So it's not as simple as DeVos is portraying it, and I do understand that we are not a fascist country and we don’t want to punish the innocent—that we would rather 100 guilty people go free than punish one innocent person—but again, tell me what the better system is. Because we all know that the police definitely don’t take nonviolent acts of sexual assault; they don’t want anything to do with them, don’t take them seriously. Prosecutors are extremely wary of such cases—even the ones with evidence. They are really political hot potatoes for them. That may be changing a little bit, but it’s not changing fast enough to justify the wholesale renovation of the system.
Wong: In your book, you describe the following story about a student you call Oliver:
As the year went on, he caught feelings for a classmate, and it seemed reciprocated; one night, both he and she joined a large group of students walking to a house party, but they soon peeled off on their own. … Later, they went back to Oliver’s dorm …
Oliver alleged that they began kissing, and she asked if he had a condom … He told her he was a virgin. Then he put on the condom, but he couldn’t get an erection, which embarrassed him. He said that he took it off, and she gave him head. Once he got hard, they had sex. He never put the condom back on.
Oliver hoped the woman was going to become his girlfriend. But he said she wanted to leave quickly after sex, saying her roommate was worried about her. He claimed that he offered to walk her home, but she said no. The next day, she allegedly texted him that she was upset and wanted to take a Plan B pill. He … sent her fifty bucks for the pill, then asked her when he could see her again. She said maybe after spring break, but then he received a letter from their university saying that he was being brought up on sexual-misconduct charges.
It is hard to say he was totally in the wrong, but it’s also understandable that a woman who requested her sexual partner wear a condom ultimately felt victimized or misled that he didn't. How do you think policies could be written to ensure as fair an outcome for both parties in situations such as that?
Grigoriadis: Those are the kinds of stories that I really heard people talking about in college. Those are the stories—they're not horror stories, they’re not for Law & Order: SVU. But these are things that are creepy and gross and weird, and boys shouldn't be doing them.
[It’s worth emphasizing that] a lot of the stories are clearer [instances of sexual assault]. In terms of somebody is passed out, we don’t need to worry about if they’re just drunk because they’re not moving. In the Vanderbilt football case, that was almost like necrophilia. Nobody should pretend that that doesn’t happen in college because that really is the problem. There's a lot of activists who will say that’s just the after-school special—we want to talk about these fine gradations of consent, but it's really useful to remember the passed-out girl at the off-campus apartment. It is truly a reality.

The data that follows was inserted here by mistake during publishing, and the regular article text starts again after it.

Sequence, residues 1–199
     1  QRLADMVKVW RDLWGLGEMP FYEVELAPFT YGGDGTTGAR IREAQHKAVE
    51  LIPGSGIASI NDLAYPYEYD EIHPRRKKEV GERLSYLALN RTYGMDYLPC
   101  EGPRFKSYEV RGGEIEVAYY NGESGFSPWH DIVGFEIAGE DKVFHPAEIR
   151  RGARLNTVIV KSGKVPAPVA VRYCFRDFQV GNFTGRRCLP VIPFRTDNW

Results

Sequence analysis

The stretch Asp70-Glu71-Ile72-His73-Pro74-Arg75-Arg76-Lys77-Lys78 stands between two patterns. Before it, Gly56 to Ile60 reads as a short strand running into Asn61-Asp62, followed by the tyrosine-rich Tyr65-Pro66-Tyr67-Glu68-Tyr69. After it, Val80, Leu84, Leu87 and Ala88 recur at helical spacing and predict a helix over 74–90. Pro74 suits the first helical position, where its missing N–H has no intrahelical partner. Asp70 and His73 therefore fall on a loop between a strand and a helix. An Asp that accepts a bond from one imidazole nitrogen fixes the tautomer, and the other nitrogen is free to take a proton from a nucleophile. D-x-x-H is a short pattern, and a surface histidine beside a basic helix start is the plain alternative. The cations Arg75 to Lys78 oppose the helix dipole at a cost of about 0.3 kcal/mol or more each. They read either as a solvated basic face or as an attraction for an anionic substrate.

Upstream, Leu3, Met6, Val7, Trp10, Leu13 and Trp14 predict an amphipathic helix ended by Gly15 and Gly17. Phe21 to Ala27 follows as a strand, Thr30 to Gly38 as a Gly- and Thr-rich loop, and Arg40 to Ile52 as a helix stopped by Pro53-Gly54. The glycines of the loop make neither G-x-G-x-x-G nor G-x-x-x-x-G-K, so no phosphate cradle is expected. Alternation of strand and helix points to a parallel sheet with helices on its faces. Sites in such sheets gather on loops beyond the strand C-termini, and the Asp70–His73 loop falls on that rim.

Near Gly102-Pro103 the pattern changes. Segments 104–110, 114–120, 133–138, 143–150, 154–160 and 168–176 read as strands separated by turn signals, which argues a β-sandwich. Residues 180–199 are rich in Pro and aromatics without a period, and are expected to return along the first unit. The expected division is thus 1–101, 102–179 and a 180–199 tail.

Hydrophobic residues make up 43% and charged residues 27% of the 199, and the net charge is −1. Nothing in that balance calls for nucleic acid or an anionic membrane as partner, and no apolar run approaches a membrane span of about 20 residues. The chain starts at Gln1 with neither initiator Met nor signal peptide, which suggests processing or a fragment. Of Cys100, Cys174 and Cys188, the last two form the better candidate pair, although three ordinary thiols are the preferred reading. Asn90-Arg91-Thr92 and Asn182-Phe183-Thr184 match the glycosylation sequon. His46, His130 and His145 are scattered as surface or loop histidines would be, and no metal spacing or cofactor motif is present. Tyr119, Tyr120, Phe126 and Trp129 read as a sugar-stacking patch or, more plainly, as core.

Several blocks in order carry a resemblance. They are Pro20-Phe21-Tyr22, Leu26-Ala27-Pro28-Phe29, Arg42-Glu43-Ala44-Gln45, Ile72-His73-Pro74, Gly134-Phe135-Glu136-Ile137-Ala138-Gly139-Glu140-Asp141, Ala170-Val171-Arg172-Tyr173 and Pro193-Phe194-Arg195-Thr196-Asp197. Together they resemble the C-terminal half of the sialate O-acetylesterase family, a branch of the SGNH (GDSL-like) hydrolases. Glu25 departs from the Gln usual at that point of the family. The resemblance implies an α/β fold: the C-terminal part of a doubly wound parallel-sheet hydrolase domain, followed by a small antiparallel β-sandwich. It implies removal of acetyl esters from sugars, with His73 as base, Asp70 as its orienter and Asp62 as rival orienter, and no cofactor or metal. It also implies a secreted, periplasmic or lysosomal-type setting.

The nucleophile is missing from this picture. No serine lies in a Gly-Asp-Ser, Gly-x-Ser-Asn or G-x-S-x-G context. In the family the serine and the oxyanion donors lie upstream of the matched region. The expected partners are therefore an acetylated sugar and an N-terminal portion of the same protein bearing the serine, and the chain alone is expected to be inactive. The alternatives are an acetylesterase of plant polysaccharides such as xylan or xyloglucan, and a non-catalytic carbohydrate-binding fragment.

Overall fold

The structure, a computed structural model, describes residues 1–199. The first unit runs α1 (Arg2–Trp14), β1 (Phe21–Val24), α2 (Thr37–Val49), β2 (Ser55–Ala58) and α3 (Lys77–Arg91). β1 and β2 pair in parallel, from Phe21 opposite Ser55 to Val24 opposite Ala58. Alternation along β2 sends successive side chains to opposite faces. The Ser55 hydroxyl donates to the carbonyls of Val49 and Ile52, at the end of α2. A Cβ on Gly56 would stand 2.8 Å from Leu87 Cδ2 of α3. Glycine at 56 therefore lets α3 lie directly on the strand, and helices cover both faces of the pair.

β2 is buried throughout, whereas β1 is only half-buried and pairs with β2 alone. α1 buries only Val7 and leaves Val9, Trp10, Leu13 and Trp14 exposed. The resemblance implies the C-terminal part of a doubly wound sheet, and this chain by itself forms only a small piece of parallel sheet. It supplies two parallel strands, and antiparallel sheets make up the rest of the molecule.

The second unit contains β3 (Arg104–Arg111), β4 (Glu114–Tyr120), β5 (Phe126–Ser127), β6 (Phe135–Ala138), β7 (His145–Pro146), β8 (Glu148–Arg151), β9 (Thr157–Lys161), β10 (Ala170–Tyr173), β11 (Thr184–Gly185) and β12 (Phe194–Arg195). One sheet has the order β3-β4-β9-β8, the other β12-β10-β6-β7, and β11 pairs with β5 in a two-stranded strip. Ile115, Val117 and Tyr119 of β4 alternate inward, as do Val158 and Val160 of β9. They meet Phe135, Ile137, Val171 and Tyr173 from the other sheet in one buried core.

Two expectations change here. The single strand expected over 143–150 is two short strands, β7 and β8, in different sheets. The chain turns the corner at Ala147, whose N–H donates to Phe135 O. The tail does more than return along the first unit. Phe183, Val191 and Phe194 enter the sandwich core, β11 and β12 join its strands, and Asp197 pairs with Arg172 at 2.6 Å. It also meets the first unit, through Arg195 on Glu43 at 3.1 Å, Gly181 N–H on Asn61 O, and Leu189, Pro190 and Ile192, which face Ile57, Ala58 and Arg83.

[But that aside,] we have to stop thinking about this in terms of who’s lying and who’s telling the truth. I would say in [murky cases], I would lower the punishment. That’s how you fix it. … The punishment for the boys in cases has not matched what the actual behavior has been, and we so quickly jump to he was a sexual predator, he needs to be expelled.
[If we] expel the guy, he’ll join the alt-right chorus on the internet and talk about how women lie about rape and women ruin men's lives. … That’s exactly where they go every single time. I mean really, in my reporting—no question, they immediately get on the [men’s rights activism] trip and they immediately get into those chat rooms. ... When it is a situation like the ones that have been described, you need to look at re-education.
Wong: DeVos implied that Title IX administrators are often ill-equipped to handle the duties they’re responsible for handling. You attended a training seminar for campus Title IX administrators. What’s your impression of the staff charged with investigating and addressing campus sexual assault?
Grigoriadis: A top investigator told me the people who are applying for these jobs … they’re not advocates. There’s a role of an advocate at a college who’s there to support survivors—those are not the people who are in charge of this stuff, who more and more have legal backgrounds: They're former lawyers, former police detectives. [The investigator said] Republicans want to make this sound like [Title IX adjudication is happening] in the teachers’ lounge ... it’s not in the teachers’ lounge. I think that, the people who are applying for the job, they’re good, flexible in their thinking, knowledgeable. They genuinely want to learn, and they're doing a good job.
The ones appointed by the school? I don’t know if i could say the same thing about those people. [DeVos is] particularly talking about people in student-affairs departments, and there’s been a problem in which student-affairs professionals who are there to support students are very uncomfortable with punishing students and weighing the guilt of students.
Wong: There’s concern that, while they may be correcting for what amounted to an overreach, the rollbacks could result in a chilling effect on college campuses that would discourage people from reporting sexual assault. What do you think?
Grigoriadis: I don’t think that they will change much in the short term. But in the long term, they will discourage victims and alleged victims from taking their cases to the campus courts. Word will get around that justice is not securable.